Although the jury is often referred to as one of the bulwarks of the American justice system, it regularly comes under attack. Recent changes to trial procedures, such as reducing jury size, allowing non-unanimous verdicts, and rewriting jury instructions in plain English, were designed to promote greater efficiency and adherence to the law. Other changes, such as capping damages and replacing jurors with judges as arbiters in complex trials, seem designed to restrict the role of laypeople in trial outcomes. Whether these innovations are implemented to facilitate the administration of justice or due to the belief that juries have excessive power and make irrational decisions, they raise a host of questions about their effects on juries' judgments and about justice. Policymakers sometimes make incorrect assumptions about jury behavior, with the result that some reform efforts have had surprising and unintended consequences. The Jury Under Fire reviews a number of controversial beliefs about juries as well as the implications of these views for jury reform. It reviews up-to-date research on both criminal and civil juries that uses a variety of research methodologies: simulations, archival analyses, field studies, and juror interviews. Each chapter focuses on a mistaken assumption or myth about jurors or juries, critiques these myths, and then uses social science research findings to suggest appropriate reforms. Chapters discuss the experience of serving as a juror; jury selection and jury size; and the impact of evidence from eyewitnesses, experts, confessions, and juvenile offenders. The book also covers the process of deciding damages and punishment and the role of emotions in jurors' decision making, and it compares jurors' and judges' decisions. Finally, it reviews a broad range of efforts to reform the jury, including the most promising reforms that have a solid backing in research. Featuring highly visible trials to illustrate key points, The Jury Under Fire will interest researchers in psychology and the law, practicing attorneys, and policymakers, as well as students and trainees in these areas.
Annotation Legal Blame sheds new light on how jurors try to do justice in the wake of accidents and reveals much about the overall psychology of jury decision making. Neal Feigenson, a professor of law, offers an illuminating framework for how jurors use their common sense, together with the law and the facts, to produce what the author refers to as "total justice." This book will appeal to lawyers, expert witnesses, practicing students, and academics, as well as anyone who is interested in learning about the psychology of legal persuasion.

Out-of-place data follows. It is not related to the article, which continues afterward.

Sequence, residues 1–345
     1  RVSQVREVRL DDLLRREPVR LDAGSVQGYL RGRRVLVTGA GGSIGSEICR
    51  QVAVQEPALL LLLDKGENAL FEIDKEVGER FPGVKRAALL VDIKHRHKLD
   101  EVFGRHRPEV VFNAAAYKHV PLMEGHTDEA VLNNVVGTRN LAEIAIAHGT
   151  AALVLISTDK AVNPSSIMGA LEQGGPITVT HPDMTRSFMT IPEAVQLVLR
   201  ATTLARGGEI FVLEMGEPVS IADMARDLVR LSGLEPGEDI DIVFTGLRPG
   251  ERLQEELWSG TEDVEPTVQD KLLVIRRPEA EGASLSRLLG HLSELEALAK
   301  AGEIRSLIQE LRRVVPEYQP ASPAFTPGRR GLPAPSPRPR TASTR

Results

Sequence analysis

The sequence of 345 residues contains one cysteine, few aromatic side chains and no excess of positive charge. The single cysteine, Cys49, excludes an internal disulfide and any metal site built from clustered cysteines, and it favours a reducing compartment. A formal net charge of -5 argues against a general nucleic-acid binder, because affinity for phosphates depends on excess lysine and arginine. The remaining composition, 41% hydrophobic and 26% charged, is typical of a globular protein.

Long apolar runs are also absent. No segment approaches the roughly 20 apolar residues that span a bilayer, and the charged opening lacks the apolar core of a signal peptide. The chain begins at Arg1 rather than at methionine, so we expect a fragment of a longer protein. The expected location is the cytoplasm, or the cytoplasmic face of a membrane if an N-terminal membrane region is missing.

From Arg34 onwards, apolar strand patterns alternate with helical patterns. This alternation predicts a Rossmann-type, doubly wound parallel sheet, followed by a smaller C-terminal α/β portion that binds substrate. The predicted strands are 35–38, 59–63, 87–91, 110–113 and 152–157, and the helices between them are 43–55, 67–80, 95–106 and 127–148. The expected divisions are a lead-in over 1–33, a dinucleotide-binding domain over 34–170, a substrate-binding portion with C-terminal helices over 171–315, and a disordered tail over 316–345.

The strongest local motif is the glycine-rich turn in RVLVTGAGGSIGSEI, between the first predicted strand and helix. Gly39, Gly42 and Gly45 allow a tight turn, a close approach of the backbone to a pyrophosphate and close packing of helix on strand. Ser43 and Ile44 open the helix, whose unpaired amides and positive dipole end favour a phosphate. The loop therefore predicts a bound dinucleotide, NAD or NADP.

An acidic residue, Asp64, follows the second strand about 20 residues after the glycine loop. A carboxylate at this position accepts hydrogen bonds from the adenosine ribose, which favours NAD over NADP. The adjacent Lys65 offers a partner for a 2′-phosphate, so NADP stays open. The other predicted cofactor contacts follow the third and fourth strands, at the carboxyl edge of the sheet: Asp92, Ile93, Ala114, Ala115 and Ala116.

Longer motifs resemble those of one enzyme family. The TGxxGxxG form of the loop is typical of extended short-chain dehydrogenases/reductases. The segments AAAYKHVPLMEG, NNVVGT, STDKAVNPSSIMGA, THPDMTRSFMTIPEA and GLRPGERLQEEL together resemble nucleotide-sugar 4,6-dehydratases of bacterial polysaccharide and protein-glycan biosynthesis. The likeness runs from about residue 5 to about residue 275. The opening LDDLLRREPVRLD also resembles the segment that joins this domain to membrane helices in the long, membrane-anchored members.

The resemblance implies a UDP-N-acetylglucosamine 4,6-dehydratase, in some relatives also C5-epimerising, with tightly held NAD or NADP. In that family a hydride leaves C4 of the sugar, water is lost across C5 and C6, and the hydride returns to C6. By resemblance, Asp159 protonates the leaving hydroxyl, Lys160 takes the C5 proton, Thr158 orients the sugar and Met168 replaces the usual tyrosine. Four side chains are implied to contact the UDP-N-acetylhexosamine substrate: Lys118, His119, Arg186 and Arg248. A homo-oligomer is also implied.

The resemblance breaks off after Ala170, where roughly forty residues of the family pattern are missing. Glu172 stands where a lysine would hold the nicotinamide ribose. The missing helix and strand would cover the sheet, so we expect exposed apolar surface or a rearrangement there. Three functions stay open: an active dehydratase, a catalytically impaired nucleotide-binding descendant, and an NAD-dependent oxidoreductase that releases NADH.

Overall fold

Author: Michael J. Saks
Publisher: NYU Press
Release Date: 2016-01-22
Evidence law is meant to facilitate trials that are fair, accurate, and efficient, and that encourage and protect important societal values and relationships. In pursuit of these often-conflicting goals, common law judges and modern drafting committees have had to perform as amateur applied psychologists. Their task has required them to employ what they think they know about the ability and motivations of witnesses to perceive, store, and retrieve information; about the effects of the litigation process on testimony and other evidence; and about our capacity to comprehend and evaluate evidence. These are the same phenomena that cognitive and social psychologists systematically study. The rules of evidence have evolved to restrain lawyers from using the most robust weapons of influence, and to direct judges to exclude certain categories of information, limit it, or instruct juries on how to think about it. Evidence law regulates the form of questions lawyers may ask, filters expert testimony, requires witnesses to take oaths, and aims to give lawyers and factfinders the tools they need to assess witnesses’ reliability. But without a thorough grounding in psychology, is the “common sense” of the rulemakers as they create these rules always, or even usually, correct? And when it is not, how can the rules be fixed? Addressed to those in both law and psychology, The Psychological Foundations of Evidence Law draws on the best current psychological research-based knowledge to identify and evaluate the choices implicit in the rules of evidence, and to suggest alternatives that psychology reveals as better for accomplishing the law’s goals.
Author: Jennifer K. Robbennolt
Publisher: NYU Press
Release Date: 2016-01-01